Scores of dervishes and other demonstrators protested outside Tehran’s notorious Evin prison, while anti-riot forces were lined up surrounding them, on Tuesday afternoon and well into the night.
The dervishes, of Gonabadi denomination, started protests eleven days ago, demanding the release of their fellow Dervishes; Kasra Nouri,Mohammad Reza Darvishi, Mohammad Sharifi Moqaddam and Fa’iza Abdipour.
Two of the detainees, Mr. Sharifi Moqaddam and Ms. Fa’iza Abdipour were released late, Monday night, January 8.
However, Dervish supporters continued their protest on Tuesday, with families of other protesters joining them.
In videos received by Radio Farda, the protesters were shouting, demanding the release of dervishes and detained students.
Finally, late in the nightt, the remaining two dervishes were also released, in small victory for protesters, after tense confrontation with riot police.
In an interview with Radio Farda’s Mahtab Vahidi-Rad, one of the managers of “Majzooban-i Noor” (Spellbound by Light) Gonabadi dervishes’ website, Reza Entessari says, “There are nearly eighty dervishes present at the sit-in, demanding unconditional release of their fellows. The four were arrested while visiting the website admin at Day hospital in Tehran”.
There were many others in front of Evin sympathizing with the dervishes, while trying to receive information concerning their loved ones who have disappeared since protests against broke out on December 28 in Shi’ites’ holy city of Mashhad and swiftly spread to many other cities all over Iran.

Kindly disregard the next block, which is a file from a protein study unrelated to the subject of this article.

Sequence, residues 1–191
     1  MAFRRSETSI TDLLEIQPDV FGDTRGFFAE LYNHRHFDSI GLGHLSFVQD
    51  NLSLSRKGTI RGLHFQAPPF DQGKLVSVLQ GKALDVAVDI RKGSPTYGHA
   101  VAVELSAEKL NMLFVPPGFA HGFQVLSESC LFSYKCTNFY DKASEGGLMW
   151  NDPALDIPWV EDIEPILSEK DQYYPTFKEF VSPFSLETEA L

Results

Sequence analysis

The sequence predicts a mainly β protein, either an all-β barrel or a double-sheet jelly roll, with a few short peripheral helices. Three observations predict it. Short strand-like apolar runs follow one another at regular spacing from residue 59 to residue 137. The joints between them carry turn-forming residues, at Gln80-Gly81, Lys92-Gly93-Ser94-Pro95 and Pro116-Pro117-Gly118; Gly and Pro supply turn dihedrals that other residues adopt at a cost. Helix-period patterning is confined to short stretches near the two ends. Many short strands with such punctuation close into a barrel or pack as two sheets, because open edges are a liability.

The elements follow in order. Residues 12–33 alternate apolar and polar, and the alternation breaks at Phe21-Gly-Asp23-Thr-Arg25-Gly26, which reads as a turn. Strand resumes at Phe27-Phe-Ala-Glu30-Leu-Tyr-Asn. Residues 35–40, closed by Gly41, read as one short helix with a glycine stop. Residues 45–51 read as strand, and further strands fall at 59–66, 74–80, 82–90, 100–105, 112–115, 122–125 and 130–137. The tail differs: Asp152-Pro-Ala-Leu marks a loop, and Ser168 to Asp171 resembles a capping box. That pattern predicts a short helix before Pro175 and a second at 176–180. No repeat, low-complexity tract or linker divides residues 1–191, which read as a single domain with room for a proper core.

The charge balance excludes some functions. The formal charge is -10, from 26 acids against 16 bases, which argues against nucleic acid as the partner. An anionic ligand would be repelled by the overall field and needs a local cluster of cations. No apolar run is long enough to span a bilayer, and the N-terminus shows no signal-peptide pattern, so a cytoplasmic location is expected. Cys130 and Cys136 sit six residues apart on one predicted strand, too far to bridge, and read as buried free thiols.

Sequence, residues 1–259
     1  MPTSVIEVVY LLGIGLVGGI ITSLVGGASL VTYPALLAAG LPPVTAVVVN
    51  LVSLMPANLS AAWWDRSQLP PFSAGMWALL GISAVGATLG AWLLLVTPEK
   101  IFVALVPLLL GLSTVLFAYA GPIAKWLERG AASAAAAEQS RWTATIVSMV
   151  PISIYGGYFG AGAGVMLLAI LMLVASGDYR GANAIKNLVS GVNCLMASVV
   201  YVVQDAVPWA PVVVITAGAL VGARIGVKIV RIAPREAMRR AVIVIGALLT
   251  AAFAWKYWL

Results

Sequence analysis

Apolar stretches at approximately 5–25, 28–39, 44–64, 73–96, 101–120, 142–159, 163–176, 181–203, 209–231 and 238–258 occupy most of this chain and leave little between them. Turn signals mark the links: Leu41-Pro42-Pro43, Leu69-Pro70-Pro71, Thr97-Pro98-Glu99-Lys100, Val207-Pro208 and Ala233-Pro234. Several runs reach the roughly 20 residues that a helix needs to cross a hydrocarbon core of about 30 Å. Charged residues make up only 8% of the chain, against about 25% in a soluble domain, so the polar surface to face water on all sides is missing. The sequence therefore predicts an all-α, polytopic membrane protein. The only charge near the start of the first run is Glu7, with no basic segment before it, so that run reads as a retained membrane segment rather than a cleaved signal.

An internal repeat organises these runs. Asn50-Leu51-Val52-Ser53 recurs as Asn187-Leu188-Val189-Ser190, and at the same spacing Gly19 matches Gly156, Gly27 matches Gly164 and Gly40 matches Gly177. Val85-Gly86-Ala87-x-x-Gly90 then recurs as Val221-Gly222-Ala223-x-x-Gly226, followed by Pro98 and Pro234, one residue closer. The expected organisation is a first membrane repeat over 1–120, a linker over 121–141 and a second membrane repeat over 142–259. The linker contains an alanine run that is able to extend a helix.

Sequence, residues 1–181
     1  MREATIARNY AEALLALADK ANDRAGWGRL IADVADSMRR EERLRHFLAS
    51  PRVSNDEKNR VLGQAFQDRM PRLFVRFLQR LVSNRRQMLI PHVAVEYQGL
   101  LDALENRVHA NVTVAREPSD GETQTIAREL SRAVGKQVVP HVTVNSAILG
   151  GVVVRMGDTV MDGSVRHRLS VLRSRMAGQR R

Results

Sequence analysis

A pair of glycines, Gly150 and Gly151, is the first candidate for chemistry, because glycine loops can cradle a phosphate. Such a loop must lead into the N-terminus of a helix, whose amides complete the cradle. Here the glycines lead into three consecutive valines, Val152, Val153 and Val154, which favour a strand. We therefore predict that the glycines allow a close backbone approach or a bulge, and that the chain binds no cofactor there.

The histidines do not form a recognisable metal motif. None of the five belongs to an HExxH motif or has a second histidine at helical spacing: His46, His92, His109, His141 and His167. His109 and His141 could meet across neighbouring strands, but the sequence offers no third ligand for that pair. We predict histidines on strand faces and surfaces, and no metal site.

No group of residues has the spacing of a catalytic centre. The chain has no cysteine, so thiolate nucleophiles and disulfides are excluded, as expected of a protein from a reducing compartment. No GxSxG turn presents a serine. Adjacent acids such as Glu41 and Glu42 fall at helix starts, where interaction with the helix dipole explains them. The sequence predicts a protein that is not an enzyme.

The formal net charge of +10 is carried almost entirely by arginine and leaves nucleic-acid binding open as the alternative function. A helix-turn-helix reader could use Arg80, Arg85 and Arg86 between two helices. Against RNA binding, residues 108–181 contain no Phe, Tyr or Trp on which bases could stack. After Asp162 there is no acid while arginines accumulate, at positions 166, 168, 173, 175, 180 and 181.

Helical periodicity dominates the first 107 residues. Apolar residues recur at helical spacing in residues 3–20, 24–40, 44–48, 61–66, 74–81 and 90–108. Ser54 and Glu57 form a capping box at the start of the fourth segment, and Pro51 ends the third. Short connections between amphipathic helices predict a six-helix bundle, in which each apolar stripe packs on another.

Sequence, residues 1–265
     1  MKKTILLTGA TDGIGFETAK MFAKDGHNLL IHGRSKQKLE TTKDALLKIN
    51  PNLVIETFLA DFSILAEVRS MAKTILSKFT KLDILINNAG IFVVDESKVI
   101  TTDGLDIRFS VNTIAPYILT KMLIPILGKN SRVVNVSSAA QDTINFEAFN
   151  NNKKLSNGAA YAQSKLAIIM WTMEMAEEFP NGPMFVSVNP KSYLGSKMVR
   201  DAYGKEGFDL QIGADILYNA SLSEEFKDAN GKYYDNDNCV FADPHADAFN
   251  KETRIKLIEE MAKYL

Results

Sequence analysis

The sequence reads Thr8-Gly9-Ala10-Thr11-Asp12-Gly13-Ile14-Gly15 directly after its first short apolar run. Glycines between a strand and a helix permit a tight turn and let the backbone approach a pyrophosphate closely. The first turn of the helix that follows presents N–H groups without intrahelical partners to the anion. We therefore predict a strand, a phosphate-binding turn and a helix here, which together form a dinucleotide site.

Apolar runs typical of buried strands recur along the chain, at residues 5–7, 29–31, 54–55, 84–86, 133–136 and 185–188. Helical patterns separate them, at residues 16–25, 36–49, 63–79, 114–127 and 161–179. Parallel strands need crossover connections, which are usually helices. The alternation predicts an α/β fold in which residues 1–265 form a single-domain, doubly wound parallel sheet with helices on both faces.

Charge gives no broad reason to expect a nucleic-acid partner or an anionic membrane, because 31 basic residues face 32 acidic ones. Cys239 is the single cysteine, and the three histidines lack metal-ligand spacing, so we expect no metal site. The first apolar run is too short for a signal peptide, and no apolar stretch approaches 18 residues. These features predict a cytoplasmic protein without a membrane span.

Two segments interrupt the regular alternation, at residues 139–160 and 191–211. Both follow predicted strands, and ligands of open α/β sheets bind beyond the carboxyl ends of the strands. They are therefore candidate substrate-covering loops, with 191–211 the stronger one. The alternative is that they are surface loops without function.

The protests that began with slogans against high prices quickly turned to a movement against the Islamic Republic, calling “Death to Khamenei” and praising the founder of Iran’s Pahlavi dynasty, Reza Shah.
The head of judiciary based in Evin had proposed to free the dervishes provided receiving pay slips as bail.
“The offer was categorically rejected”, Reza Entessari said, adding, “Our fellows have not committed any crime and releasing them on bail practically means admitting their crime”.
Meanwhile, the commander of police called in the [anti-riot] “guards” to disperse the protesters.
Nevertheless, protesters have stood firm, so far.
“We told the commander that we are here for being jailed.” Entessari said.
“He threatened to arrest us and take us to our comrades behind bars but, his promise was never fulfilled. Instead, he called the guards in which means clash and confrontation” said one of the protesters in a video clip from the location.
“Therefore, we asked the commander to order the guards to courageously beat and drag us into the prison. Otherwise, the presence of the guards does not make any sense”, he added.
In the end, the authorities seemed to have preferred quelling the protes rather than risking further violent incidents.